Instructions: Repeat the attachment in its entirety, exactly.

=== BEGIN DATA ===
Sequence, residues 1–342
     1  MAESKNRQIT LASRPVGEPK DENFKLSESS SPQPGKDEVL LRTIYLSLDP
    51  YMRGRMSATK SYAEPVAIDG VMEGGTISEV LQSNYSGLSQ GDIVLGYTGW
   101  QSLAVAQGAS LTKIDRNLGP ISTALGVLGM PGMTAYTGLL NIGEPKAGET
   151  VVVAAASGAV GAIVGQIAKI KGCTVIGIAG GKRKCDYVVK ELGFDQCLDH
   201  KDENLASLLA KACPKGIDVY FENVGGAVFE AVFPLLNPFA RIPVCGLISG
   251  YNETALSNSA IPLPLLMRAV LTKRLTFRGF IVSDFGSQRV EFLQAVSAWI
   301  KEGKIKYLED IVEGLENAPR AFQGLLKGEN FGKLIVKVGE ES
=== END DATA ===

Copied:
Sequence, residues 1–342
     1  MAESKNRQIT LASRPVGEPK DENFKLSESS SPQPGKDEVL LRTIYLSLDP
    51  YMRGRMSATK SYAEPVAIDG VMEGGTISEV LQSNYSGLSQ GDIVLGYTGW
   101  QSLAVAQGAS LTKIDRNLGP ISTALGVLGM PGMTAYTGLL NIGEPKAGET
   151  VVVAAASGAV GAIVGQIAKI KGCTVIGIAG GKRKCDYVVK ELGFDQCLDH
   201  KDENLASLLA KACPKGIDVY FENVGGAVFE AVFPLLNPFA RIPVCGLISG
   251  YNETALSNSA IPLPLLMRAV LTKRLTFRGF IVSDFGSQRV EFLQAVSAWI
   301  KEGKIKYLED IVEGLENAPR AFQGLLKGEN FGKLIVKVGE ES